Breakfast at Sub Rosa Wood Fired Bakery in Historic Church Hill Neighborhood of Richmond, Virginia

A directory of what we have termed “Craft Bakeries” was recently added to this website.   The decision to include information on bakeries making hand-crafted baked goods, with a focus on using freshly stone-ground flours (made from carefully sourced and often organic, heirloom grains) and baking delicious bread,  which relies on “natural leavening,” was prompted by a simple breakfast at Sub Rosa Wood Fired Bakery, a very special neighborhood bakery in the Church Hill section of Richmond, Virginia.  No surprise that bakeries with this focus also carefully source fruit and other ingredients used in their savory goods.

Richmond, the capital of Virginia, is proud of its Capitol building designed by Thomas Jefferson, the first public building in the New World constructed in the monumental Classical style, and which has served as a prototype for state capitols (though not the Gothic Revival/Romanesque mishmash of the New York State Capitol in my hometown of Albany), courthouses, and municipal buildings for more than 200 years.   A tourist to Richmond also will ordinarily be sure to visit St. John’s Church, the original location of Patrick Henry’s “Give me liberty or give me death” speech.  This National Historic Landmark, which is an important stop on Viriginia’s Road to Revolution Heritage Trail, is in the historic Church Hill neighborhood of Richmond (also known as the St. John’s Church historic district) on the eastern end of Broad Street (which runs through the heart of downtown Richmond).  After a stimulating visit to the historic church and graveyard, breakfast at Sub Rosa Wood Fired Bakery in the Church Hill neighborhood was the icing on the cake.

With Ella Fitzgerald’s jazzy voice softly singing, I lucked out as I opened the door to the homey corner bakery to hear timeless music and to find space available at the counter overlooking the front of the shop.  With only three tables and six seats at the window counter, on a busy Sunday morning, I was fortunate to find a spot to enjoy the wonderful offerings.

Although the croissants ($3.20), pain aux raisins ($3.75), pain au chocolate ($3.75), and slice of quiche ($5.00) were very tempting, I opted for a greens and feta tart ($5.00).  This buttery pastry with its peppery spinach greens was the perfect choice.  (On other occasions, the  greens might have been swiss chard or kale depending on seasonal availability.)  A satisfying cup of smooth, medium roast coffee made with Lamplighter coffee beans (a small coffee roaster with three shops in the Richmond area, which places value on establishing “more direct trade relationship with farmers that use sustainable methods”) provided the jolt of java to get the wheels turning on a lazy Sunday morning.

And I really lucked out, when a little before 10:00AM, other customers began arriving at Sub Rosa Wood Fired Bakery and began to line up for one of the loaves of bread, which would soon be coming out of the wood fired oven at 10:00AM according to Mike, the friendly fellow behind the counter taking orders. Hmmmm.  Better queue up and see (and enjoy) the cause for this line early on a Sunday morning: a hot loaf of polenta bread ($8.50 for the large 36 oz or 1kg loaf, $4.25 for the half loaf), which according to a prominent sign listing the bakery’s breads, was available on Fridays and Sundays.   The ingredients clearly noted on Sub Rosa’s website are “turkey” red wheat, ‘Bloody Butcher’ corn (described as a Virginia native, this corn emanates sweet richness through a light creamy interior), filtered water, cultured wheat, sea salt.  As a bread lover, who has baked his honey oat bread for decades (three loaves at a time), I have some credibility to back up my opinion that this polenta bread was “off the charts” wonderful.  My decision to purchase the large loaf was a very wise decision.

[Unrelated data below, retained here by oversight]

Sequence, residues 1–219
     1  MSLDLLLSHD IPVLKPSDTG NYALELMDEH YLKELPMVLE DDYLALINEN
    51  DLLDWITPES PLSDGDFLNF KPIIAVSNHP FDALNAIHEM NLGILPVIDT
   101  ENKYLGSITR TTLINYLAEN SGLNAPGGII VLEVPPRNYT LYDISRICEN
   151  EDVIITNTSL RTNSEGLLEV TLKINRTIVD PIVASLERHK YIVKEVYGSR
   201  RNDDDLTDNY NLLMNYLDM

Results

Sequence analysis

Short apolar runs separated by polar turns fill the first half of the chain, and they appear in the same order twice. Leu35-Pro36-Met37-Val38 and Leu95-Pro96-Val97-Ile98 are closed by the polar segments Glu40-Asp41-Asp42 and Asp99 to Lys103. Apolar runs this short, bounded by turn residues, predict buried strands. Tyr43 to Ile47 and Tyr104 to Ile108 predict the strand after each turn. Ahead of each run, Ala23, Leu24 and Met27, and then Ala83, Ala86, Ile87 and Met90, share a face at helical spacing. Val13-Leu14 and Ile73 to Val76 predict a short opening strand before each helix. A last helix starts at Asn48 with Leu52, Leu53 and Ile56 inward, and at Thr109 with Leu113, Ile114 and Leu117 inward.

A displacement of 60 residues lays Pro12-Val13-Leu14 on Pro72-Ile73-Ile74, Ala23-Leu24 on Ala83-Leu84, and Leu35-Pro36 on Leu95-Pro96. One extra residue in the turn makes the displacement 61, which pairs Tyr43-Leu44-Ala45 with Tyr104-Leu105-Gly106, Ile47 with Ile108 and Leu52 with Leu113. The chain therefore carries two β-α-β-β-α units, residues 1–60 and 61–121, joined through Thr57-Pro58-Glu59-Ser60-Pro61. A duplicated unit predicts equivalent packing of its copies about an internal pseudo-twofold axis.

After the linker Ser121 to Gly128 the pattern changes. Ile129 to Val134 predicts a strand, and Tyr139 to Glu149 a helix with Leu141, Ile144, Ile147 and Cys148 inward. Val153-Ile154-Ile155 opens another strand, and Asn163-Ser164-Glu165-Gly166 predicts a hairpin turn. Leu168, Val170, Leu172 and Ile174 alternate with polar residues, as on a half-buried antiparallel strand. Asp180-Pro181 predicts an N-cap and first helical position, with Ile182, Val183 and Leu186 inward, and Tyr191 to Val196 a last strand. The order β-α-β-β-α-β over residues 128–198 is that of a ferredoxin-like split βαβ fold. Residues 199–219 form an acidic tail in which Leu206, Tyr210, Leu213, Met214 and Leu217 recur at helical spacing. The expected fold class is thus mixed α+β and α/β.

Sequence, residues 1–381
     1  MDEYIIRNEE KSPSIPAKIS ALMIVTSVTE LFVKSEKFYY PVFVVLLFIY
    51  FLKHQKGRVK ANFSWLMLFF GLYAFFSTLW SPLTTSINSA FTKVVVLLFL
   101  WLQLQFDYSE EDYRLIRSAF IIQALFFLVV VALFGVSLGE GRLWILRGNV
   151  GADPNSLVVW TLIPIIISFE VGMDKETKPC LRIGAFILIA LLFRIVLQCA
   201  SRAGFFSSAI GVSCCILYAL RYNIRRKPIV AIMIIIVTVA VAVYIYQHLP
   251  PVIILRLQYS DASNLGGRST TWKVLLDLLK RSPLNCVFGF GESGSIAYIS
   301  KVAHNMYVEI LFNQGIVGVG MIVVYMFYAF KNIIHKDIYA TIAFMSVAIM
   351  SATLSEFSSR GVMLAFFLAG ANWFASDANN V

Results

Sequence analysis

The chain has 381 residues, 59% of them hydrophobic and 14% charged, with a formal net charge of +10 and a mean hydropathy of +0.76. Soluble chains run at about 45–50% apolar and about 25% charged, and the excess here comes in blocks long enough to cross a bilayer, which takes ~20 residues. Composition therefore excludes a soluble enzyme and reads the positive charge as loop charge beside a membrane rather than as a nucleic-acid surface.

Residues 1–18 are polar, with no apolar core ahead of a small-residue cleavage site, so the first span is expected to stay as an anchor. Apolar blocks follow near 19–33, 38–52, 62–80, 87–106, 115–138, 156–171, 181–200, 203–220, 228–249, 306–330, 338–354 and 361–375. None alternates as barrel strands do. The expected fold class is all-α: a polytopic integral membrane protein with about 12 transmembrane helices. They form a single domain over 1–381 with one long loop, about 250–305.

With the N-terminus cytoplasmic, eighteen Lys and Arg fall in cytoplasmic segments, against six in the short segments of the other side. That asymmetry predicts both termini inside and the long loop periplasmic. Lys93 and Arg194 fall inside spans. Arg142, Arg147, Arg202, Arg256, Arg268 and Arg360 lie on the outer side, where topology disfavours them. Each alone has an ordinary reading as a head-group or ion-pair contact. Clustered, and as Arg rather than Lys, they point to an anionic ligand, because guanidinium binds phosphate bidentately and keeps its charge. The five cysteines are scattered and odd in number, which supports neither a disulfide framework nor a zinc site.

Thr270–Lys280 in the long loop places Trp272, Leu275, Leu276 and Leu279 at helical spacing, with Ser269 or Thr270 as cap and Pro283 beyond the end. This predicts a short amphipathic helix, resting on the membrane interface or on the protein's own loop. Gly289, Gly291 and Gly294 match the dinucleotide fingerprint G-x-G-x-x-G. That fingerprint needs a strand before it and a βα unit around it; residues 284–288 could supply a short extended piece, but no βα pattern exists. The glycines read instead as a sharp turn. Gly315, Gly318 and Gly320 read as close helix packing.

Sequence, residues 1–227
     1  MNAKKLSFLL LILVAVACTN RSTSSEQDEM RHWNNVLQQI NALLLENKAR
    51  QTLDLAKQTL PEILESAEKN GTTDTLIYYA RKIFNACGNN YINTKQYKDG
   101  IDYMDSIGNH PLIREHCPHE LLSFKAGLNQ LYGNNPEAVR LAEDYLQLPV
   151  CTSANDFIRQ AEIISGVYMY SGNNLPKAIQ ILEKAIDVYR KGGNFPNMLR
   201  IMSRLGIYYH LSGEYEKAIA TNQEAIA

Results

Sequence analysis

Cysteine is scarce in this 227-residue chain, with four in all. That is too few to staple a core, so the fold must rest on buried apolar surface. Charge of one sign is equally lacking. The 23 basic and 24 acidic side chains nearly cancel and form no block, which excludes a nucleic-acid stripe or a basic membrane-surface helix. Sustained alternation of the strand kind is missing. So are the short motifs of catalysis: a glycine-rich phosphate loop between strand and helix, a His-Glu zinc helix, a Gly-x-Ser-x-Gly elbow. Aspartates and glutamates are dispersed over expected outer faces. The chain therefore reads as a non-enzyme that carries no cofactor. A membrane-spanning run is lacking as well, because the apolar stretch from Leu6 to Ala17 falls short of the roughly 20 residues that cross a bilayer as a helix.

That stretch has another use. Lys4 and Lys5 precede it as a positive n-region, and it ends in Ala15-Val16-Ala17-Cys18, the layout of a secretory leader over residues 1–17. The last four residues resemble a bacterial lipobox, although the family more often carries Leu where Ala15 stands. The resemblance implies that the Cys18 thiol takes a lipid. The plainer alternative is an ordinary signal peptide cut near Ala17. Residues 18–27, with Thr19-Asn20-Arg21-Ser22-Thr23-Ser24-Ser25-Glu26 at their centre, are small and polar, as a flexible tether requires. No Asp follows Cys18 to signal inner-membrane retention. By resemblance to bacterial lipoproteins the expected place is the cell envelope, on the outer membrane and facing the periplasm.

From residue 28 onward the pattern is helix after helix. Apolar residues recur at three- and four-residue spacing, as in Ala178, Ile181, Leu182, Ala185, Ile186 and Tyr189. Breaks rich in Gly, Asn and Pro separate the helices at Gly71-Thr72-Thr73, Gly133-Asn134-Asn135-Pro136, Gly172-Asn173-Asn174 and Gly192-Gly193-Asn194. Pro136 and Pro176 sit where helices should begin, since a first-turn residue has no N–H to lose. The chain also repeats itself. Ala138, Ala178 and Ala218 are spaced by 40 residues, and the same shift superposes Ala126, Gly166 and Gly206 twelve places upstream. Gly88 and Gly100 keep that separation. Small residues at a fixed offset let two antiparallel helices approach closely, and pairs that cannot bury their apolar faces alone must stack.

This remarkable wood fired bakery and stone-milling operation offers 5 other breads: (1) flatbread-classic & pide (same dough as classic but baked fast and hot and topped with olive oil, sesame, and nigella seeds (black caraway seeds) or alternately rosemary and sea salt flakes); (2) miller’s wheat, (3) light rye (sesame rye), (4) whole rye and (5) HomeSlice (signature pan loaves with light rye and other whole grain options varying from week to week.  The bakery’s website includes detailed information on the ingredients of each of its breads.

On Sub Rosa’s website, the bakery also notes that “The wheat, corn & rye that we freshly stone-mill in house is also organic and we strive to use locally grown, heirloom varieties.”  With its commitment to “the timeless craft of bread and pastry,” the monthly pizza suppers must be something very special for those fortunate Virginians aware of this outstanding neighborhood spot.  If only Richmond wasn’t a half day’s drive from home, I’d be queuing up regularly at Sub Rosa.

Sub Rosa Wood Fired Bakery, 620 N. 25th Street (historic Church Hill neighborhood), 804.788.7672, Baked goods, espresso & coffee, tea: (Bakery hours) Tues-Fri 7:00AM-6:00PM, Sat & Sun 8:30AM-5:00PM, Pizza suppers: Monthly dates, click on bakery’s website for info:
www.subrosabakery.com

(Frank W. Barrie 4/10/15)

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